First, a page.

Total 199 13 (7)  164 3 (2)  
Seminal vesicle involvement (%)       
 Negative 150 (75) 6 (4)  123 (75)  
 Positive 49 (25) 7 (14) 0.019 41 (25) 3 (7) 0.015 
Capsular invasion (%)       
 Focal 78 (39) 3 (4)  64 (39) 1 (2)  
 Established 121 (61) 10 (8) 0.256 100 (61) 2 (2) 1.000 
Surgical margin status (%)       
 Negative 162 (81) 11 (7)  133 (81) 3 (2)  
 Positive 37 (19) 2 (5) 1.000 31 (19) 1.000 
RPa Gleason sum (%)       
 5–6 63 (32) 1 (2)  51 (31)  
 7 107 (54) 7 (7)  89 (54) 1 (1)  
 8–10 29 (15) 5 (17) 0.019 24 (15) 2 (8) 0.033 
RT-PCR-hK2 result (%)       
 Negative 80 (40) 7 (9)  62 (38)  
 Equivocal 79 (40) 1 (1)  67 (41)  
 Positive 40 (20) 5 (13) 0.038 35 (21) 3 (9) 0.004 
IHC-PSA/IHC-Cytokeratin (%)       
 Negative — —  155 (93)  
 Positive — — — 9 (7) 3 (33) <.001 
a

RP, radical prostatectomy.

Table 2

Multivariable cox regression analyses of postoperative features for the prediction of biochemical progression, development of clinically evident distant prostate cancer metastases, prostate cancer-specific mortality in 199 consecutive patients with locally advanced prostate cancer and histopathologically negative lymph nodes (stage pT3N0)

Biochemical progressionDevelopment of clinically evident distant metastasesProstate cancer-specific mortality
PHazard ratioPHazard ratioPHazard ratio
Estimate95% CIaEstimate95% CIEstimate95% CI
Preoperative PSA levelsb 0.252 1.434 0.997–2.064 0.116 1.972 0.834–4.663 0.199 2.117 0.832–5.387 
Surgical margin status <.001 3.340 1.754–6.359 0.352 1.615 0.588–4.436 0.158 2.481 0.872–7.059 
EPE 0.243 1.420 0.656–3.074 0.459 1.573 0.474–5.220 0.646 1.116 0.352–3.538 
SVI 0.076 2.077 0.976–4.420 0.478 1.376 0.569–3.328 0.567 1.204 0.353–4.107 
RP Gleason sumc 0.086 1.998 0.957–4.173 0.064 2.254 0.987–5.147 0.164 2.239 0.763–6.570 
IHC-PSA/IHC-Cytokeratin 0.063 2.352 0.876–6.316 0.080 2.156 0.475–9.786 0.095 2.655 0.685–10.291 
IHC-hK2 0.175 1.841 0.404–8.392 0.733 1.250 0.240–6.510 0.967 1.044 0.139–7.841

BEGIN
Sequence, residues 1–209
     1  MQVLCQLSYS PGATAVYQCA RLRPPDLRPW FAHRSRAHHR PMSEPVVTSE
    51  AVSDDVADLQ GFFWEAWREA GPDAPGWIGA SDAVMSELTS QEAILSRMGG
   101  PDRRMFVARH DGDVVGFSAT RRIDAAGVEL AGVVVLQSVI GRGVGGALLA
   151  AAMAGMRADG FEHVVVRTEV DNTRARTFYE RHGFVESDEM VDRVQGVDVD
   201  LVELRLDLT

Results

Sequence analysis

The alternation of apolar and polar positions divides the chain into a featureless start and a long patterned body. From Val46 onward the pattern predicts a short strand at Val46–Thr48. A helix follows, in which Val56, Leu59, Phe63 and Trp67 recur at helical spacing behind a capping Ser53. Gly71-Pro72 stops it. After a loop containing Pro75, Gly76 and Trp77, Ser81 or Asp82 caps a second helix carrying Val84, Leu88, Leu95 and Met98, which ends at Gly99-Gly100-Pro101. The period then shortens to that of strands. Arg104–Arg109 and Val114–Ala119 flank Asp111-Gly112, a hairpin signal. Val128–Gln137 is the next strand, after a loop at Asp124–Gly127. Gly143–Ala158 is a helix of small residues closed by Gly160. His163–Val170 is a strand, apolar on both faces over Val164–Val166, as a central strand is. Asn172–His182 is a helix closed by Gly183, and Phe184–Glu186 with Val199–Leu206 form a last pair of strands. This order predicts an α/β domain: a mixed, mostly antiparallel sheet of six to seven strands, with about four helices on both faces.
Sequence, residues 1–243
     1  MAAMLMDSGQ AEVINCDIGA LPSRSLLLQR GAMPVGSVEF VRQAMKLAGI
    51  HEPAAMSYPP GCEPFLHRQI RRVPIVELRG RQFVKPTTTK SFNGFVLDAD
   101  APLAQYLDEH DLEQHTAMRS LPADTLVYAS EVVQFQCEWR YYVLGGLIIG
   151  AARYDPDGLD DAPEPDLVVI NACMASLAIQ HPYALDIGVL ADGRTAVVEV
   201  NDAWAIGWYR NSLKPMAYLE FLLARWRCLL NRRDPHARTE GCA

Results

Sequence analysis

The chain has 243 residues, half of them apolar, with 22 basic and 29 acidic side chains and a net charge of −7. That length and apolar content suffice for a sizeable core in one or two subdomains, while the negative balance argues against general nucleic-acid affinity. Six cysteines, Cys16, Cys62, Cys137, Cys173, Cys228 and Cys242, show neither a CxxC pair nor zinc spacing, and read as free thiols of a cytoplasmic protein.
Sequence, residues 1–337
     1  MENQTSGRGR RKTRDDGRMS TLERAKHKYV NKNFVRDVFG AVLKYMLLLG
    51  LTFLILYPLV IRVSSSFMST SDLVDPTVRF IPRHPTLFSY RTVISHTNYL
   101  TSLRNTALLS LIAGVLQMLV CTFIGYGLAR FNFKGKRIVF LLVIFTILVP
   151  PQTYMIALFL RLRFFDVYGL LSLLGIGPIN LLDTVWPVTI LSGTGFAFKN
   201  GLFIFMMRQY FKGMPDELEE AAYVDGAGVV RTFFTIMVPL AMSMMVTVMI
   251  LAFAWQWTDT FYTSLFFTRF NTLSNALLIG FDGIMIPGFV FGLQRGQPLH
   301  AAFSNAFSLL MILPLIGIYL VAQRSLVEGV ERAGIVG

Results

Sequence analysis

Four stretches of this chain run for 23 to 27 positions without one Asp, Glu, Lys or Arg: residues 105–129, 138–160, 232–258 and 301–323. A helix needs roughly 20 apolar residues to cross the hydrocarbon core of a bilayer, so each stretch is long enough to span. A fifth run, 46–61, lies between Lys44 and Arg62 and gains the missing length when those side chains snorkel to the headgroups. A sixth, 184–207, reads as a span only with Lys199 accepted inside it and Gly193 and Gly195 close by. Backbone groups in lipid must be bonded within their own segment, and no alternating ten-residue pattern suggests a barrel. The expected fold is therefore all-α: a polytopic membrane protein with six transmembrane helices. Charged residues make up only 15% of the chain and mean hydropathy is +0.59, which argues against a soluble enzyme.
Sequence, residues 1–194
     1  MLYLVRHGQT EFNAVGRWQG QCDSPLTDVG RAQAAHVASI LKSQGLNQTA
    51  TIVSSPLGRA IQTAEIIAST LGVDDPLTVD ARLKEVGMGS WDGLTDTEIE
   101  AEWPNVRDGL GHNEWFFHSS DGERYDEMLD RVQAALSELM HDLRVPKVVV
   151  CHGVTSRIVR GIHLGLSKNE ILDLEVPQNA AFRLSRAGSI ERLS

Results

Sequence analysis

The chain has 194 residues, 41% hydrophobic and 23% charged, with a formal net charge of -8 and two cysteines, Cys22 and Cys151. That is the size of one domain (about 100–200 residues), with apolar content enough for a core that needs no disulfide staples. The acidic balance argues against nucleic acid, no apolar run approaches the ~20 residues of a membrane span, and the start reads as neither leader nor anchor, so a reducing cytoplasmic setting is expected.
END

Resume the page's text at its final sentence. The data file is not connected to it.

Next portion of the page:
RT-PCR-hK2 0.006 2.776 1.177–6.548 <.001 2.885 1.585–5.252 0.002 3.195 1.520–6.716 
Biochemical progressionDevelopment of clinically evident distant metastasesProstate cancer-specific mortality
PHazard ratioPHazard ratioPHazard ratio
Estimate95% CIaEstimate95% CIEstimate95% CI
Preoperative PSA levelsb 0.252 1.434 0.997–2.064 0.116 1.972 0.834–4.663 0.199 2.117 0.832–5.387 
Surgical margin status <.001 3.340 1.754–6.359 0.352 1.615 0.588–4.436 0.158 2.481 0.872–7.059 
EPE 0.243 1.420 0.656–3.074 0.459 1.573 0.474–5.220 0.646 1.116 0.352–3.538 
SVI 0.076 2.077 0.976–4.420 0.478 1.376 0.569–3.328 0.567 1.204 0.353–4.107 
RP Gleason sumc 0.086 1.998 0.957–4.173 0.064 2.254 0.987–5.147 0.164 2.239 0.763–6.570 
IHC-PSA/IHC-Cytokeratin 0.063 2.352 0.876–6.316 0.080 2.156 0.475–9.786 0.095 2.655 0.685–10.291 
IHC-hK2 0.175 1.841 0.404–8.392 0.733 1.250 0.240–6.510 0.967 1.044 0.139–7.841 
RT-PCR-hK2 0.006 2.776 1.177–6.548 <.001 2.885 1.585–5.252 0.002 3.195 1.520–6.716 
a

CI, confidence interval; RP, radical prostatectomy.

b

Preoperative PSA levels were logarithmically transformed.

c

RP Gleason sum was categorized as grade 2–6 versus grade 7 versus grade 8–10.

Table 3

Sensitivity, specificity, positive predictive value (PPV), negative predictive value (NPV), and accuracy of PSA, cytokeratin, and hK2 IHC and RT-PCR-hK2 assay results for biochemical progression at 5 years, development of clinically evident metastases at 10 years, and death of prostate cancer at 10 years in 199 consecutive patients with locally advanced prostate cancer and histopathologically negative lymph nodes (stage pT3N0)

No. of patientsBiochemical progression at 5 years
Sensitivity (%)Specificity (%)PPV (%)NPV (%)Accuracy (%)
IHC-PSA/IHC-Cytokeratin 196 11.8 96.9 66.7 67.4 67.3 
IHC-hK2 164 4.8 100 100 62.7 63.4 
RT-PCR-hK2a 196 33.8 87.5 60.0 71.3 68.9 
No. of patientsBiochemical progression at 5 years
Sensitivity (%)Specificity (%)PPV (%)NPV (%)Accuracy (%)
IHC-PSA/IHC-Cytokeratin 196 11.8 96.9 66.7 67.4 67.3 
IHC-hK2 164 4.8 100 100 62.7 63.4 
RT-PCR-hK2a 196 33.8 87.5 60.0 71.3 68.9 
No. of patientsDistant metastases at 10 years
Sensitivity (%)Specificity (%)PPV (%)NPV (%)Accuracy (%)
IHC-PSA/IHC-Cytokeratin 83 16.7 90.4 50 65.3 63.4 
IHC-hK2 70 97.5 66.7 59.1 59.4 
RT-PCR-hK2a 83 60.0 82.7 66.7 78.2 74.4 
No. of patientsDistant metastases at 10 years
Sensitivity (%)Specificity (%)PPV (%)NPV (%)Accuracy (%)
IHC-PSA/IHC-Cytokeratin 83 16.7 90.4 50 65.3 63.4 
IHC-hK2 70 97.5 66.7 59.1 59.4 
RT-PCR-hK2a 83 60.0 82.7 66.7 78.2 74.4 
No. of patientsProstate cancer-specific survival at 10 years
Sensitivity (%)Specificity (%)PPV (%)NPV (%)Accuracy (%)
IHC-PSA/IHC-Cytokeratin 91 27.8 93.1 50 83.8 79.6 
IHC-hK2 76 11.8 98.3 66.7 79.2 78.7 
RT-PCR-hK2a 91 77.8 82.2 53.8 90.8 84.2 
No. of patientsProstate cancer-specific survival at 10 years
Sensitivity (%)Specificity (%)PPV (%)NPV (%)Accuracy (%)
IHC-PSA/IHC-Cytokeratin 91 27.8 93.1 50 83.8 79.6 
IHC-hK2 76 11.8 98.3 66.7 79.2 78.7 
RT-PCR-hK2a 91 77.8 82.2 53.8 90.8 84.2 
a

RT-PCR-hK2 was analyzed as a dichotomous variable (equivocal or negative assay results versus positive assay result).